1. Shorter is sexier: leave them wanting more

Do your best to cut out any non-pertinent details that don’t set up your story or drive the action forward. If you feel like you might be adding too much detail to a specific aspect of your story, you probably are.

  1. Analogy/Metaphor

Using analogies, metaphors, similes, and other literary tools can bring interest and humour to your storytelling. For humorous examples, look at the work of comedian Jim Gaffigan, especially the time a bear looked at him and, as he put it, “I was sunburned so I probably looked like a giant land salmon.”

Additionally, check out the book, ‘Metaphors Be With You’, by Dr. Mardy Grothe, for wonderful examples to incorporate into your stories.

  1. Impersonation

Adding the inner voices of characters is a wonderful way to bring your story to life. And you are not required to stick to living characters. As an example, during a recent speech on resilience, I embodied a bowl in a short story that illustrated the Japanese concept of kintsugi. That story was my audience’s favourite part of the speech, and the most memorable for everyone, including me.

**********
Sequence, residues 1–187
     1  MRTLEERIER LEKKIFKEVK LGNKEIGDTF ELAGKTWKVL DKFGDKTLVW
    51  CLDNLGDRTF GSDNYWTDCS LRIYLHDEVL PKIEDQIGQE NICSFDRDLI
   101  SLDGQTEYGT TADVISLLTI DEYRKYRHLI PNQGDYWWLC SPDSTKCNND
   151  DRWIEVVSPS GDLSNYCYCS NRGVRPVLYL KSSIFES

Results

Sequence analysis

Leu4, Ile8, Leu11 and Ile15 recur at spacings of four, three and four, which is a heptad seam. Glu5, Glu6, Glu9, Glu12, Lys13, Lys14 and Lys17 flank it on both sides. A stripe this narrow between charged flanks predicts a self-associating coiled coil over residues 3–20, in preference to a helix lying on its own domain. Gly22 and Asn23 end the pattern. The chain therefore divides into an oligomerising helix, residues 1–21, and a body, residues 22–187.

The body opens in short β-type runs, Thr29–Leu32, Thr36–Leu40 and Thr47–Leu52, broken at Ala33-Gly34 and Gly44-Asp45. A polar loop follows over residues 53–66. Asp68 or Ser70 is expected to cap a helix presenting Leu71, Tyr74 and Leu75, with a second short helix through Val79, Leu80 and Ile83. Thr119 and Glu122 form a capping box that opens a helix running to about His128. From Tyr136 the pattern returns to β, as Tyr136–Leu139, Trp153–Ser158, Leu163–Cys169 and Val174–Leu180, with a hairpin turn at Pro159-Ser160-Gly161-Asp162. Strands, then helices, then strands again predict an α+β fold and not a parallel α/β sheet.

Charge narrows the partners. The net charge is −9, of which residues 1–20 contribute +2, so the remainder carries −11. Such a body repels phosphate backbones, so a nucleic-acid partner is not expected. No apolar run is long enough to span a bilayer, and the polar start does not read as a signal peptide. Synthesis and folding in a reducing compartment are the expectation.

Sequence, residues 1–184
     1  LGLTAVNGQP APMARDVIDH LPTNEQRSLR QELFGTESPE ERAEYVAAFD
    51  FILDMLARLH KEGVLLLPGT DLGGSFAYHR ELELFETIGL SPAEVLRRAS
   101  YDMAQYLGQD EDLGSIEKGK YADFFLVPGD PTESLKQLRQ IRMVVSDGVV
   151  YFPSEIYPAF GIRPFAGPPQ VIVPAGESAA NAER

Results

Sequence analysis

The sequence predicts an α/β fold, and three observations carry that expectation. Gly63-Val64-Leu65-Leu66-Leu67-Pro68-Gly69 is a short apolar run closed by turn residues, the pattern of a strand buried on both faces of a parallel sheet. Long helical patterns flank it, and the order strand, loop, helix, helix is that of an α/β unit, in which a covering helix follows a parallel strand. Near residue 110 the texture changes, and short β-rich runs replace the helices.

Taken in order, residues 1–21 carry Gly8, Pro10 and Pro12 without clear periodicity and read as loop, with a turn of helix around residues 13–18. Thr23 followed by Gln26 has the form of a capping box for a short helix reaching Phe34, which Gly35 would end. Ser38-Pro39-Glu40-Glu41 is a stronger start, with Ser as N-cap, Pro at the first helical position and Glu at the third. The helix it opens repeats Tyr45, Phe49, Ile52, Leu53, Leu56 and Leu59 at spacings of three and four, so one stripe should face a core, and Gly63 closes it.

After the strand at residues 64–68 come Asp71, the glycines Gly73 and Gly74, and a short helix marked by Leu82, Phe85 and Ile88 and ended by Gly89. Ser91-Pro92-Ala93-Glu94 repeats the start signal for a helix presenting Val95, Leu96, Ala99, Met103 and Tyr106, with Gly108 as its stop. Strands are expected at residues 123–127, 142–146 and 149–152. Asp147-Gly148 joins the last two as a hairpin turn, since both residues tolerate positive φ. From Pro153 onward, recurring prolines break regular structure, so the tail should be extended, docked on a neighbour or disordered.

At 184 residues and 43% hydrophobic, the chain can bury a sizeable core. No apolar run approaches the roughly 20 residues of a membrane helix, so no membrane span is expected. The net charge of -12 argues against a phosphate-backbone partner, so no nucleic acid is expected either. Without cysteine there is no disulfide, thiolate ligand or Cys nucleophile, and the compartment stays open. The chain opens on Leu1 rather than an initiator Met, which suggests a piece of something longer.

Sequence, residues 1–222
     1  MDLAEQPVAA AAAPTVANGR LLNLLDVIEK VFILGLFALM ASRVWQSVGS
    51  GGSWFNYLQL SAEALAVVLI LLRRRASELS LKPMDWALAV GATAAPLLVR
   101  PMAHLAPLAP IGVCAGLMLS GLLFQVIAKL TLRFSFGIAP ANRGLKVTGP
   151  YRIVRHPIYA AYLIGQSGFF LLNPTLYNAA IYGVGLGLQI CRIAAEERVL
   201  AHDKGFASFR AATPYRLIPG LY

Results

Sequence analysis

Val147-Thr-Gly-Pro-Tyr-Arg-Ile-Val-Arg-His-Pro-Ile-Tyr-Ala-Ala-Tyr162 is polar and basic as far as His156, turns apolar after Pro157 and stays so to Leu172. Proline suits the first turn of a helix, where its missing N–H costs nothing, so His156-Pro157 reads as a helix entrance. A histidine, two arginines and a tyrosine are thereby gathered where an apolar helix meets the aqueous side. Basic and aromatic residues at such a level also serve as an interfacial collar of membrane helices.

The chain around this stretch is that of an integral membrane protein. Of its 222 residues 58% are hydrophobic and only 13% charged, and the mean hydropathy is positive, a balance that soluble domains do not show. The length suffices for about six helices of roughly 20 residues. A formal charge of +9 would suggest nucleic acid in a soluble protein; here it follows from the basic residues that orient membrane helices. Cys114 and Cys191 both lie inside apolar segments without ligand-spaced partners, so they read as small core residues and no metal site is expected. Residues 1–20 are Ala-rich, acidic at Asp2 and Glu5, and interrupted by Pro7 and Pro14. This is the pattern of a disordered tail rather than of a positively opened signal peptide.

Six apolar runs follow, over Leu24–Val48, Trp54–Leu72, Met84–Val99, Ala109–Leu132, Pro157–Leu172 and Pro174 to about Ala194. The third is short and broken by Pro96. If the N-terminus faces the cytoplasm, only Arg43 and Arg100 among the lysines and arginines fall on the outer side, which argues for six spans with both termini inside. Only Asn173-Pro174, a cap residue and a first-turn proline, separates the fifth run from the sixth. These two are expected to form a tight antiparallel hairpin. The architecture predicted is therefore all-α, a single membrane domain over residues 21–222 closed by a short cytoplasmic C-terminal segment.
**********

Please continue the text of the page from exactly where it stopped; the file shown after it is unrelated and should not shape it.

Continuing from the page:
1. Using your voice

Actors and comedians don’t have to be the only ones who have fun with accents, voices, and impersonations. You can experiment with dialects, vocal range differences of high or low, raspy, or clear, different ages, louder or softer voices, whispers, slower drawls… the only limit is your own creativity!

Remember also to invoke the power of the pause. It will give your audience time to absorb what you have said. Pauses can also be used to emphasise information, phrases or words in a powerful way

  1. The power of dialogue

Instead of just telling us what your characters have said, become those characters as they have a dialogue with each other. You can utilise the spatial physicality of characters as they talk with each other by shifting slightly where you stand and where you are looking. 

  1. Use PIXAR’s formula

The PIXAR story formula, made popular by the elements contained in PIXAR films, is as follows: 

Once upon a time

Every day

But one day

Because of that

Because of that (add additional “because of that”s as necessary)

Until finally

Ever since then

Practice your stories according to these elements, and you might be surprised to find out how many effective stories follow this formula.

  1. Practice stories with the children